- Associated Press - Friday, December 2, 2016

AUSTIN, Texas (AP) - Top Republican leaders have approved nearly $150 million in emergency funding to hire 800 new workers at a troubled Texas agency facing huge case backlogs in its effort to protect abused and neglected children.

Under terms of the plan promoted by Texas Family and Protective Services Commissioner Hank Whitman, the accelerated hiring of the additional workers could begin as soon as Friday. Whitman had originally proposed to begin bolstering the agency’s staff a day earlier, but was waiting on funding approval.

More staff should help ease caseloads at Texas Child Protective Services, which has for years been plagued by high turnover and low morale among workers overwhelmed by rising numbers of children at risk statewide.

Also under the plan, about 6,000 caseworkers would receive a pay raise of $12,000, and approximately 1,100 managers and others would see salary increases as well. The nonpartisan Legislative Budget Board said in a letter to Whitman that it was approving $142.5 million for the moves through the end of fiscal year 2017, but also setting a series of benchmarks the agency must meet as part of the process.

Last year, a federal judge ruled that Texas’ foster care system - which has about 30,000 children in homes and institutional settings - is “broken, and it has been that way for decades.”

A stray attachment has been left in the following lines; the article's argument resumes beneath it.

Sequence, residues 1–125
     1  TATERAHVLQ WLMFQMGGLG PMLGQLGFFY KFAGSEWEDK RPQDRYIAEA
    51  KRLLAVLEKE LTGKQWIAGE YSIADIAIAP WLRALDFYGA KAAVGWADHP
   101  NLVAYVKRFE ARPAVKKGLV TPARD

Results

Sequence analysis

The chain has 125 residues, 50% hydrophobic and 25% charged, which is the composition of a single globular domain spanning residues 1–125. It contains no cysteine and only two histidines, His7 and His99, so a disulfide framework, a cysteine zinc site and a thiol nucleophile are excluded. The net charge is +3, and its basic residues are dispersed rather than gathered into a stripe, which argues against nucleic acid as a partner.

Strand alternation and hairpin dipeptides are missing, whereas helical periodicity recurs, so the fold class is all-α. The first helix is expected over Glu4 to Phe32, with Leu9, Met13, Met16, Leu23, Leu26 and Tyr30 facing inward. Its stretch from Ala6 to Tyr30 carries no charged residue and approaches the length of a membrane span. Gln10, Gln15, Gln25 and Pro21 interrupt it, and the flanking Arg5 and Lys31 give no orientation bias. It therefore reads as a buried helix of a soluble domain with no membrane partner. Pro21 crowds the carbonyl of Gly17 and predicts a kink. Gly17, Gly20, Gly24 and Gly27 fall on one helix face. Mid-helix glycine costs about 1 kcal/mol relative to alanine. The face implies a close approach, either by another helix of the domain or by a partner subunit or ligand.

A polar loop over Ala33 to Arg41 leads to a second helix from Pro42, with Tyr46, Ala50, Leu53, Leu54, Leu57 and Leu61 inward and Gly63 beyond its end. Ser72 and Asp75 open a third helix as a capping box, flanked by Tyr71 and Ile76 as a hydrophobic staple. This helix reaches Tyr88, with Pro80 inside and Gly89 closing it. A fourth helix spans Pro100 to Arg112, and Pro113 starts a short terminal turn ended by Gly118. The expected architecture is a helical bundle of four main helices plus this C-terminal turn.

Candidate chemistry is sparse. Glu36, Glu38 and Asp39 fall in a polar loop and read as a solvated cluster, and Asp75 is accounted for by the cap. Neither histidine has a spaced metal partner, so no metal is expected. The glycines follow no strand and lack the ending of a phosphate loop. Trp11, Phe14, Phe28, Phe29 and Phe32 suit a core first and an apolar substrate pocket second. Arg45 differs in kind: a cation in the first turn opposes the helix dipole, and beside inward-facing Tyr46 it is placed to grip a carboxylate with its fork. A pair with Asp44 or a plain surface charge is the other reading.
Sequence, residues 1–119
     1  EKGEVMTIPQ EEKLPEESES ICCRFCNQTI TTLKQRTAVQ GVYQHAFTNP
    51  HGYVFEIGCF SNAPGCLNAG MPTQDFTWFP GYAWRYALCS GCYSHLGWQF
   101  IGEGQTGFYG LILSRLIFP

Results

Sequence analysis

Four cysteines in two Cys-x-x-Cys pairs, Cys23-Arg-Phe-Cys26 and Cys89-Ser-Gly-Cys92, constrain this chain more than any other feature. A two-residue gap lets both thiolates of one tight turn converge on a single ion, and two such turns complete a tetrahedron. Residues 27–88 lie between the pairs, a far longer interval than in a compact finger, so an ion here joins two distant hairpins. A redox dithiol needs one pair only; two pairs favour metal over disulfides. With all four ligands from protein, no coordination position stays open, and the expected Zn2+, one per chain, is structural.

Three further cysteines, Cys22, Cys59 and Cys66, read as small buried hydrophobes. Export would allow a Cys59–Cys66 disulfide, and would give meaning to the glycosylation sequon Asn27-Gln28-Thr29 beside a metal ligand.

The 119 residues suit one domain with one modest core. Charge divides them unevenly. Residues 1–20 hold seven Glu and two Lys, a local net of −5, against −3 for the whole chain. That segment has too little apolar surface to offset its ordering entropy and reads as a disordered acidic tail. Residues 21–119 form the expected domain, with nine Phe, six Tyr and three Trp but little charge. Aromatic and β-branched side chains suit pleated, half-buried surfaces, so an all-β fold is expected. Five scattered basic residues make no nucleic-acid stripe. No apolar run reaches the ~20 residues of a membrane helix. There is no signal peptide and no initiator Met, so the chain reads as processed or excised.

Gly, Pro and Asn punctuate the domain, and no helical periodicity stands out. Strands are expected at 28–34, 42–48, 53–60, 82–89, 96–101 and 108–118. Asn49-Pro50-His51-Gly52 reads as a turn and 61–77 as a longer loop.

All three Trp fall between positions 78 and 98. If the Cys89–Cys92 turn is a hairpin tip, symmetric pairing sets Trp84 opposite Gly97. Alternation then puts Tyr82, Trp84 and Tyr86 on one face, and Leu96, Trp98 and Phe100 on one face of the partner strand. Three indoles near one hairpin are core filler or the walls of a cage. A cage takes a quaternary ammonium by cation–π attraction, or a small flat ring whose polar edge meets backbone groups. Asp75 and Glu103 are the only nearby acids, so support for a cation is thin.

Republican Gov. Greg Abbott in April tapped Whitman, a former head of the Texas Rangers, to shake up Child Protective Services. But there has since been little progress in reducing the scores of allegedly abused or neglected kids who welfare investigators are failing to visit in a timely fashion - meaning the state is effectively breaking its own rules.

Around 50 kids pulled from homes considered dangerous also slept in state offices, motels or emergency shelters in August and September, a roughly fivefold increase since February, according to state figures.

In a statement Friday, Whitman said he was “very grateful for the continued strong support of CPS from Gov. Abbott and the Legislature.”

“This will improve our capability to protect Texas children,” he said.

The agency said it is constantly hiring caseworkers due to high turnover but that the funding would allow it to step up those efforts. A preliminary plan calls for hiring 100 special investigators between this month and next. They will be assigned to the Dallas, San Antonio, Houston, and Austin areas.

Around 55 investigative caseworkers also should be hired this month, and will immediately begin a three-month training period. Additional training will also be needed for about 30 new family-based safety services workers that the agency plans to hire in December, and about 20 foster care workers it plans to hire this month and next.

Lt. Gov. Dan Patrick, who oversees the Texas Senate, said in a statement released with a group of GOP senators that while approving the emergency funding “we have agreed to add teeth to ensure that the resources invested into this agency are producing results, assuring the safety of our children.”

Texas’ legislative session begins Jan. 10, and efforts to improve foster care promise to garner much attention.

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